Live Like a King

Loving the unlovable

Posted on: July 3, 2008

We all have people in our lives that we wish weren’t. People we must deal with regularly that make our smooth sailing life hit many bumps. Often these bumps knock us overboard. Sometimes it’s a co-worker, sometimes a relative, and often it’s our own child. I have one relative and one child that can make me sin faster than a dog can woof down a steak dinner. Seriously.

I spend three hours every morning in my car delivering newspapers. Not three hours tossing, but between getting to the depot to pick up papers, getting to my route, then tossing, it’s about three hours. Although it’s been tough to deal with getting up so early every day and not getting enough sleep, it’s also been good for me spiritually. I listen to Chuck Missler or Joyce Meyer while working. Both teachers have had a profound impact on my walk with the Lord. Chuck’s teachings have strengthened my view that the Bible is God’s Word inerrant and that every single thing in there down to the punctuation is there by the Holy Spirit’s design. I’ve also become rock solid in my conviction that God is, that He is good, that Jesus is the ONLY way to God for salvation, and that there is a coming judgment. Joyce’s teaching has changed my whole walk. The way I live my Christian life. Sometimes her CDs are so uncomfortable, I have to turn it off and repent right there in the car. (I know some people criticize her, but look at her fruit! I’m closer to the Lord now and trying to change more than ever before! People, stop putting God into a box!!)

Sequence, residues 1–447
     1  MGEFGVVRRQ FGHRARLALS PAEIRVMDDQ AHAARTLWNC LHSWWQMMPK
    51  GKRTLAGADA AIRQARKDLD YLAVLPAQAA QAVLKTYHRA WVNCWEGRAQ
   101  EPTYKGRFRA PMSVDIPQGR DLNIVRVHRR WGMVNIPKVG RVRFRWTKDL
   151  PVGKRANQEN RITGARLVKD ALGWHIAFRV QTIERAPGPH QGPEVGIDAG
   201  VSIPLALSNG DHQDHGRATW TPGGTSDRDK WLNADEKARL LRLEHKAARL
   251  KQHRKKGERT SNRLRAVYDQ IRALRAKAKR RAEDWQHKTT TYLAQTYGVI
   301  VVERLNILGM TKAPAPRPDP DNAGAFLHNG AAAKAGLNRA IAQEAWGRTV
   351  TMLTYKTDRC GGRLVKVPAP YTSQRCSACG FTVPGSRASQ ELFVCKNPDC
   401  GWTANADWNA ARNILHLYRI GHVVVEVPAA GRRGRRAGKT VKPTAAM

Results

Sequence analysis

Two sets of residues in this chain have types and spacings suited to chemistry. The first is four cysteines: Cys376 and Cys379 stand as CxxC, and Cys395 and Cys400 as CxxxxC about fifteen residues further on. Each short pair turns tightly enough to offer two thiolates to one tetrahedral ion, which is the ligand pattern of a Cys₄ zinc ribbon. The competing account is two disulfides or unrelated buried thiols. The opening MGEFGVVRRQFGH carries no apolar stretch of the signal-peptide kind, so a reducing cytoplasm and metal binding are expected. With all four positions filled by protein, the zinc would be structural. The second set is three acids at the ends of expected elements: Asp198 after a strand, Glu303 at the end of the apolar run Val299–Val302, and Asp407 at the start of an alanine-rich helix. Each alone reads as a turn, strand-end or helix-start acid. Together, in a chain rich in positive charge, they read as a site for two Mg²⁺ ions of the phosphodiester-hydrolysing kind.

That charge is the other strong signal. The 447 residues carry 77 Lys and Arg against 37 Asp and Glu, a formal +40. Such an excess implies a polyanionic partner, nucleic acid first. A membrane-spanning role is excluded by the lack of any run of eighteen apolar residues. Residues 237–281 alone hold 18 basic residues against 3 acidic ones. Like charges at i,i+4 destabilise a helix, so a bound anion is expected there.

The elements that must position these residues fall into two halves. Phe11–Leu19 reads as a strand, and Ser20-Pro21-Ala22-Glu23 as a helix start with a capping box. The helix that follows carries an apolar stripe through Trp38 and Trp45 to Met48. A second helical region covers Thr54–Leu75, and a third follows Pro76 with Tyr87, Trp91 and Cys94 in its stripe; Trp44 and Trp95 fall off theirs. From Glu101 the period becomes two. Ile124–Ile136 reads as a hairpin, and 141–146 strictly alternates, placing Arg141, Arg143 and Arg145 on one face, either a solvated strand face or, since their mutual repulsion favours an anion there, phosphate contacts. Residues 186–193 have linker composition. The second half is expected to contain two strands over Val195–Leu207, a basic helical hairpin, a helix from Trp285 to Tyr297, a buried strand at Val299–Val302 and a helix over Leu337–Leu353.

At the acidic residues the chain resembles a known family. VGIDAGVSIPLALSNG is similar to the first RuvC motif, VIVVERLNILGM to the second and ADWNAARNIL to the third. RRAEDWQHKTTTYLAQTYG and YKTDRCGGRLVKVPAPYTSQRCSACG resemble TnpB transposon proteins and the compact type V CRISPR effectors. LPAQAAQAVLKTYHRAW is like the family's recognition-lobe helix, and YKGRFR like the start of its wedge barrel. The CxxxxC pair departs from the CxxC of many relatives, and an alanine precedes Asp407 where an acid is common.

Currently, I’m going through Joyce Meyer’s Love Is CD set which is the subject of this post. (Sorry it took so long to get to the point!). The first two CDs she said that in order to love someone, you can’t talk or think bad about them, even when they hurt, annoy, or otherwise make you miserable. It’s hard to ACT loving when you think unloving thoughts or replay in your mind all the offenses against them. We can go around saying, “I love _____” but if we are talking ugly about them, even if it’s just “venting” to a friend, we cannot love them. We just can’t.

I’ve determined that if I do not have anything nice to say about someone, I’m just not going to say it. Wouldn’t that be a cool thing to have someone say about you? “I’ve never heard Dawn say an unkind thing about anyone.” Wow! I know I’ve not  been like that in the past, but I can start again.

If I am thinking loving thoughts, blessing and praying for them every time they offend me, and loving them when I am around them, maybe that person will come to Christ. Just maybe. Isn’t that supposed to be our goal anyway?

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